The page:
Jury Says Offshore Rig Clerks are Independent Contractors in High Stakes Trial For Chamberlain Hrdlicka Client - New Tech Global
In a worker classification case with significant implications for the oil and gas industry, a jury seated in the U.S District Court for the Western District of Louisiana, Lafayette Division took a little over an hour to find that a group of rig clerks working on offshore oil rigs were independent contractors rather than employees of New Tech Global, an oilfield services company that processed invoices for the plaintiff rig clerks.
Plaintiffs brought the action under the Fair Labor Standards Act (FLSA), initially as a class action, which was later decertified by the court and limited to the three individuals who filed the lawsuit. The rig clerks asserted that they were employees of New Tech Global (NTG), a Houston-based upstream oil and gas consultancy services company. NTG was represented in the matter by Annette Idalski, lead counsel, and Peter Hall, both shareholders of Chamberlain Hrdlicka; associate Kyle Winnick, also with Chamberlain Hrdlicka; and Donna Currault of Gordon, Arata, Montgomery, Barnett, McCollam, Duplantis & Eagan, LLC, who served as local counsel.
The NTG defense team successfully demonstrated that the plaintiffs were independent contractors rather than employees and that they were in no way “economically dependent” on NTG. Evidence was presented showing that each plaintiff could cease running invoices through NTG with no financial penalty and were free to contract at any time with a different invoice company. All three plaintiffs, outside of their invoice servicing relationship with NTG, had formed their own businesses, writing off “hundreds of thousands of dollars” in business expenses – incurred during periods they claimed to be NTG employees. Two of the plaintiffs’ corporations employed their spouses and paid them salaries and one spouse filed an unemployment claim against her husband’s corporation. In addition to claiming to be employees under the FLSA, the plaintiff’s also sought overtime compensation – despite all reporting annual salaries in excess of $100K and performing office-environment work.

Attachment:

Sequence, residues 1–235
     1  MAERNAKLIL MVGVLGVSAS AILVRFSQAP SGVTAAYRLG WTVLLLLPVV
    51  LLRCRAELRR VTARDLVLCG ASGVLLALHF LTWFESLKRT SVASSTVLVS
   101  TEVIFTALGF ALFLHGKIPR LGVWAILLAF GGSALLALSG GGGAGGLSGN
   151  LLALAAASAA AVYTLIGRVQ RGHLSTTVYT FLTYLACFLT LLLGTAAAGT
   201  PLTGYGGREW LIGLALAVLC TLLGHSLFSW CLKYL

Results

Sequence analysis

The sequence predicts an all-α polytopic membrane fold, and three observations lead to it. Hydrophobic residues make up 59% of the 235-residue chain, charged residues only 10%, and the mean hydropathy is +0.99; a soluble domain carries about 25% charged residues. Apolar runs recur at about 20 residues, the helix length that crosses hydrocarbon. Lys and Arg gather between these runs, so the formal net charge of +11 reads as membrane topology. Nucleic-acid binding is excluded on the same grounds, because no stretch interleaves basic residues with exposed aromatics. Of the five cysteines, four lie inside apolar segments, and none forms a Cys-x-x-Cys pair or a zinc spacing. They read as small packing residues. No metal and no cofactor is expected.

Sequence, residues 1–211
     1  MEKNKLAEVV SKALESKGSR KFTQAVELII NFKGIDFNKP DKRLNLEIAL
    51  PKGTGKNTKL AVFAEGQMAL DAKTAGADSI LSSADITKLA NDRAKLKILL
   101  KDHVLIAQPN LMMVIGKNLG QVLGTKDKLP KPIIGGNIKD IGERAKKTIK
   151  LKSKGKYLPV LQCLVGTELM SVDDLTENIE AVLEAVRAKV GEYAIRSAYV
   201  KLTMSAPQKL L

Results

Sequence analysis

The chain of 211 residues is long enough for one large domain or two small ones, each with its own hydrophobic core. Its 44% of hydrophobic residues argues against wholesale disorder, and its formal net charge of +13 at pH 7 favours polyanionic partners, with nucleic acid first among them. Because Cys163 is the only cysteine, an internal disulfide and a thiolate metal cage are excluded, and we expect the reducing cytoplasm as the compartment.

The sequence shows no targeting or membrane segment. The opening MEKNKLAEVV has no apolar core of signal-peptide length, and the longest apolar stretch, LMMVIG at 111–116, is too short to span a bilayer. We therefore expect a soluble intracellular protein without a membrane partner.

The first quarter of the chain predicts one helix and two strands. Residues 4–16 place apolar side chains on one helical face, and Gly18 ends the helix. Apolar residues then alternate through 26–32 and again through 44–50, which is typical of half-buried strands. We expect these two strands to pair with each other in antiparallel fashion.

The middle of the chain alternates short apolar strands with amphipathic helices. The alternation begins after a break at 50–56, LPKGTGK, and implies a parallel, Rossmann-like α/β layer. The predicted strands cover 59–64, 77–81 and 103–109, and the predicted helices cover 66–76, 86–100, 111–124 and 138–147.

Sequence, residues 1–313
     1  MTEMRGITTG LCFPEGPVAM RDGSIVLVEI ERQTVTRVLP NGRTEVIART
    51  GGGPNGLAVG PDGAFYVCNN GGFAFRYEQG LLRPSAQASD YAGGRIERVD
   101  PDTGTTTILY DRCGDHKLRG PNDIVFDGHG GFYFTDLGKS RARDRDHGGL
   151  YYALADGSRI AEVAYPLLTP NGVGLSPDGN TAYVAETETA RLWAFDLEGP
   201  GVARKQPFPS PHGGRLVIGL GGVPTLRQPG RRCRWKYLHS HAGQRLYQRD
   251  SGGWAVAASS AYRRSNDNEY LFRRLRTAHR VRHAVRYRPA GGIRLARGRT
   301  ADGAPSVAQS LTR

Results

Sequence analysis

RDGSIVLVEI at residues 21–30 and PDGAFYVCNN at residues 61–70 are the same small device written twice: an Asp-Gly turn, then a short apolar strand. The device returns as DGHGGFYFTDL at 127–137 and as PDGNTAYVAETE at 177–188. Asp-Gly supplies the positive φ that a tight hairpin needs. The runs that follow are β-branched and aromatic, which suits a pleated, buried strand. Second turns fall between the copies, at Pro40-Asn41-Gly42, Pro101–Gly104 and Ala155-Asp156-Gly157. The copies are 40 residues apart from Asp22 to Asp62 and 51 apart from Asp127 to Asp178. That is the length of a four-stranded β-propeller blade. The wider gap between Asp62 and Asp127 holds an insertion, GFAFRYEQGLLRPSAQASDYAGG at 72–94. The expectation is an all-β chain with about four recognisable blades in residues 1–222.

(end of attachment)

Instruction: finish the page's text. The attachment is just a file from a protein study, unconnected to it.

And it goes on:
NTG’s business relationship with the plaintiffs was strictly limited to processing invoices. Notably, NTG did not: invest in the rigs the plaintiff’s worked on, provide any instruction or documentation on how jobs were to be done, control hours, evaluate performance or furnish equipment needed to be a rig clerk (a computer).
The jury found that none of the three individuals were employees of NTG. This decision made moot the question of whether the plaintiffs were entitled to overtime. It also made moot whether the individuals were eligible to receive overtime compensation in light of the highly compensated (over $100,000 per year) exemption under the Fair Labor Standards Act.
“For us, this case was vitally important – for both NTG individually and for the oil services industry as a whole. Our business model depends on flexibility and scalability and our industry cherishes independence. We are a diversified company and invoice servicing is just one of our offerings. We build mutually beneficial relationships with our independent contractors, where they have the freedom to focus on their current project while leveraging our network and relationships for future work, if they so choose,” said Larry A. Cress, P.E., President and CEO of NTG.
“This matter had huge implications – operationally and financially for NTG. We firmly believed in the merits of our defense and business model and are pleased that the jury quickly and decisively agreed. As oil and gas is an economic engine across the country, the clarity provided in this matter will allow innovation in exploration and production to continue. Utilizing independent contractors eases the tidal flow of energy prices and supply in the U.S. market,” said David O’Neil, General Counsel of NTG.
“From a legal standpoint, plaintiffs’ assertions were found to be wholly without merit. We believe this decision compliments a similar March decision by the Fifth Circuit finding that directional drilling engineers can be classified as independent contractors. These twin decisions that Chamberlain Hrdlicka has had the privilege of spearheading bring a level of worker classification certainty to oil and gas services, with implications for other industries that face worker classification claims,” said Idalski, who serves as Chamberlain’s National Chair of Labor & Employment.
About New Tech Global (NTG)
NTG Global is recognized as a global leader in upstream oil and gas consultancy services. NTG is comprised of three primary business divisions that include Consulting, Engineering Services and Oilfield Staffing. Its U.S. branch offices are located in Fort Worth, TX; Midland, TX; Denver, CO and Canonsburg, PA. Internationally, NTG has branch offices in Mexico City and Dubai with ongoing activity in more than 25 countries around the world. For more information, visit: www.ntglobal.com.
About Chamberlain Hrdlicka
Chamberlain Hrdlicka is a diversified business law firm with offices in Atlanta, Houston, Philadelphia and San Antonio. The firm represents both public and private companies, as well as individuals and family-owned businesses across the nation. The firm offers counsel in labor and employment litigation, tax planning and tax controversy, corporate, securities and finance, energy law, estate planning and administration, intellectual property, international and immigration law, commercial and business litigation, real estate and construction law. For more information, visit: www.chamberlainlaw.com.